On Tuesday, former Rep. Mike Rogers announced he was leaving the transition team, as part of what sources close to the transition process told NBC News was a "purge" of loyalists to New Jersey Gov. Chris Christie, who was demoted from leading the effort last week due in large part to grudges held by Trump and Kushner, sources say.

Naming Steve Bannon, founder and chairman of controversial conservative Alt Right-leaning outlet Breitbart, as a chief strategist in his White House sparked backlash from Democrats and gave Republicans on Capitol Hill a new headache, as many dodged questions about Bannon's controversial comments about minorities, among other things.

And on Tuesday Trump also rolled out his Presidential Inaugural Committee leadership, a list that was packed with many of Trump's biggest donors and fundraisers and as such raised further questions about his pledge to "Drain the Swamp" and rid Washington of corruption.

More from NBC News: Trump Transition Shake-Up Part of 'Stalinesque Purge' of Christie Loyalists

While it's unclear when Kushner would receive security clearance, the legality of such a move is murky as well, as it raises questions about whether Trump is contravening the anti-nepotism law that bars presidents from appointing family members to cabinet positions or formal government jobs.

But Trump's advisers can argue that the transition team is temporary, and thus not covered by the law. And Trump's own children have indicated they'll continue to advise their father in unpaid, informal roles, which may be outside the purview of the law.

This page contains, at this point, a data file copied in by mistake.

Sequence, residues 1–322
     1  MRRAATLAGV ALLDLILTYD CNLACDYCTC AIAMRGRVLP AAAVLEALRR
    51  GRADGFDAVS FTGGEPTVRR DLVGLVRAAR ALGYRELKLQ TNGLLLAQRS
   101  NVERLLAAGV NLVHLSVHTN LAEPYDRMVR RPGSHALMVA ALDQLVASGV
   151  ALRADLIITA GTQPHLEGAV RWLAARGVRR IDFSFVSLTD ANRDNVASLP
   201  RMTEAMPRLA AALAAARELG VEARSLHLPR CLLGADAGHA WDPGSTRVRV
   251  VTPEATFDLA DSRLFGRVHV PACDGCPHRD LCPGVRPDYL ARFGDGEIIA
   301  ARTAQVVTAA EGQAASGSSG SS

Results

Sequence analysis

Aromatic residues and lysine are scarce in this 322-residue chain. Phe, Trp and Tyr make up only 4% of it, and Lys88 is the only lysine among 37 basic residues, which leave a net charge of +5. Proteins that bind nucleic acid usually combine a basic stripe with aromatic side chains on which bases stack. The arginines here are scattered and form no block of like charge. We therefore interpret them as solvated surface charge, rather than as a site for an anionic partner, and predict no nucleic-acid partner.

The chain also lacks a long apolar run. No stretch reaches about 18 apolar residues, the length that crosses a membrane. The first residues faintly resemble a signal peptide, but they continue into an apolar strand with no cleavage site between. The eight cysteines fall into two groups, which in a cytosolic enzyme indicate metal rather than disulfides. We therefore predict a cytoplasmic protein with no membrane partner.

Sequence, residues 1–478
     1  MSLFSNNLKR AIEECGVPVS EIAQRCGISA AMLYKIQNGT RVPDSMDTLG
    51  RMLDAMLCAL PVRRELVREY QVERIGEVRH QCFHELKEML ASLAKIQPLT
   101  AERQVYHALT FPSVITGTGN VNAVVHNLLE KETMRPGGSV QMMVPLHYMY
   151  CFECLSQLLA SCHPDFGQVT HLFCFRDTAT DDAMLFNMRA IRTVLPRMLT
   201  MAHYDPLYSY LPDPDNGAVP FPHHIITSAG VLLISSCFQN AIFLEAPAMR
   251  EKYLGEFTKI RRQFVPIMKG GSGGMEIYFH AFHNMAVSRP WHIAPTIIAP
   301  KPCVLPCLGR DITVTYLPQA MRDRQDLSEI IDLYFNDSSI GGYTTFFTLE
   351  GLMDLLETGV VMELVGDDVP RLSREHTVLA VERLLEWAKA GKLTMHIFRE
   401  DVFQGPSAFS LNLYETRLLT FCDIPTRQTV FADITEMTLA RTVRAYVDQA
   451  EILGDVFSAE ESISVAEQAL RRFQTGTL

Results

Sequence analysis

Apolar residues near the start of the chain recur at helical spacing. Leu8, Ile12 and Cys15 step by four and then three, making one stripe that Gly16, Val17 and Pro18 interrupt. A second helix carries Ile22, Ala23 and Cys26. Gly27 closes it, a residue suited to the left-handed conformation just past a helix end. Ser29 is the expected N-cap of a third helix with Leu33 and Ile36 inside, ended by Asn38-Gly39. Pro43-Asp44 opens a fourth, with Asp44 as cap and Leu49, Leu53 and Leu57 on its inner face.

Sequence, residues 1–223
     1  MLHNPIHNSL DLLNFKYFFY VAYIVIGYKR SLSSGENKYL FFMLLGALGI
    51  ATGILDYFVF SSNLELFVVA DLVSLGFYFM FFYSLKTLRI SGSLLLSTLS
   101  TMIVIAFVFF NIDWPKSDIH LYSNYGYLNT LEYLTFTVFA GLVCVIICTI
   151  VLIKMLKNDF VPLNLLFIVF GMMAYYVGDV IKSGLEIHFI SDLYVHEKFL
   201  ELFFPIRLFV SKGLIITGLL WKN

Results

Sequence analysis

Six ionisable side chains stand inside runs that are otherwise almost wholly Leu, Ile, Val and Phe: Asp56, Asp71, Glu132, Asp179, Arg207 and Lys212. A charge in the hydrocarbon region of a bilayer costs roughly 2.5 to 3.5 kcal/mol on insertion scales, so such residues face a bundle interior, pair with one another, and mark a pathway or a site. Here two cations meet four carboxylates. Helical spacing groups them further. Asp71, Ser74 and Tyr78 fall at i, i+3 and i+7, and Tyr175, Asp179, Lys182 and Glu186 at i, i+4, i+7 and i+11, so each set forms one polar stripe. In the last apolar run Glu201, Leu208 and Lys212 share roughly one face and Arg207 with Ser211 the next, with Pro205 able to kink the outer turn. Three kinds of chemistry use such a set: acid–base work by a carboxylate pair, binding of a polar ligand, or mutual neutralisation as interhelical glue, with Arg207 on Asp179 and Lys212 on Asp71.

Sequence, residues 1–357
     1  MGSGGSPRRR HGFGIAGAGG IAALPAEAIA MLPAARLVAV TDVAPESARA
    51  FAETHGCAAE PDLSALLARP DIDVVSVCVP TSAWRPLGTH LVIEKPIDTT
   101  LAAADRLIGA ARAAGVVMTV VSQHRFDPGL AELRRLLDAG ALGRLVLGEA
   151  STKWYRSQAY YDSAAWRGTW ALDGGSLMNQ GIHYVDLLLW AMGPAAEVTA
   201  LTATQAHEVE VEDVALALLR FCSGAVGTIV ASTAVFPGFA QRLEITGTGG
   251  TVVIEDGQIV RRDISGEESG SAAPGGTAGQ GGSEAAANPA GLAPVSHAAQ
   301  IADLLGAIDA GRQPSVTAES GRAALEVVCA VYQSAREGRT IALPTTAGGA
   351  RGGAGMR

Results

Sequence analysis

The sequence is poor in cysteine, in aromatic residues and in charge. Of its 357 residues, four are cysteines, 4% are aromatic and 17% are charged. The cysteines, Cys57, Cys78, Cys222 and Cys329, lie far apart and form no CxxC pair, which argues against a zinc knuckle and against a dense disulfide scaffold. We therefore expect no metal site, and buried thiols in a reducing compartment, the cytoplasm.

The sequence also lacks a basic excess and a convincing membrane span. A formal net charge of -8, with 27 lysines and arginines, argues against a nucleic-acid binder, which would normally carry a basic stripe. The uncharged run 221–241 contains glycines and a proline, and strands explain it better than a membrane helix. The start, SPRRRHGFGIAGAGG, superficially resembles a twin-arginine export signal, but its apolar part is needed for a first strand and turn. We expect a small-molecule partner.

More from NBC News: Breitbart's Steve Bannon Leads the 'Alt Right' to the White House

Still, experts note the purpose of the 1967 anti-nepotism statute is to prevent nepotistic favoritism in the wielding of federal power and benefits, so any notion of granting such an important federal power to a non-employee family member contradicts the purpose and spirit of that law, as well as standard practice.

It's unprecedented for a "child or family member" to receive security clearances, said Bradley Moss, a national security lawyer who has held that kind of security clearance and clerked for the National Security Archive.

He added, "You can't hold a security clearance as an informal advisor — there is no such concept."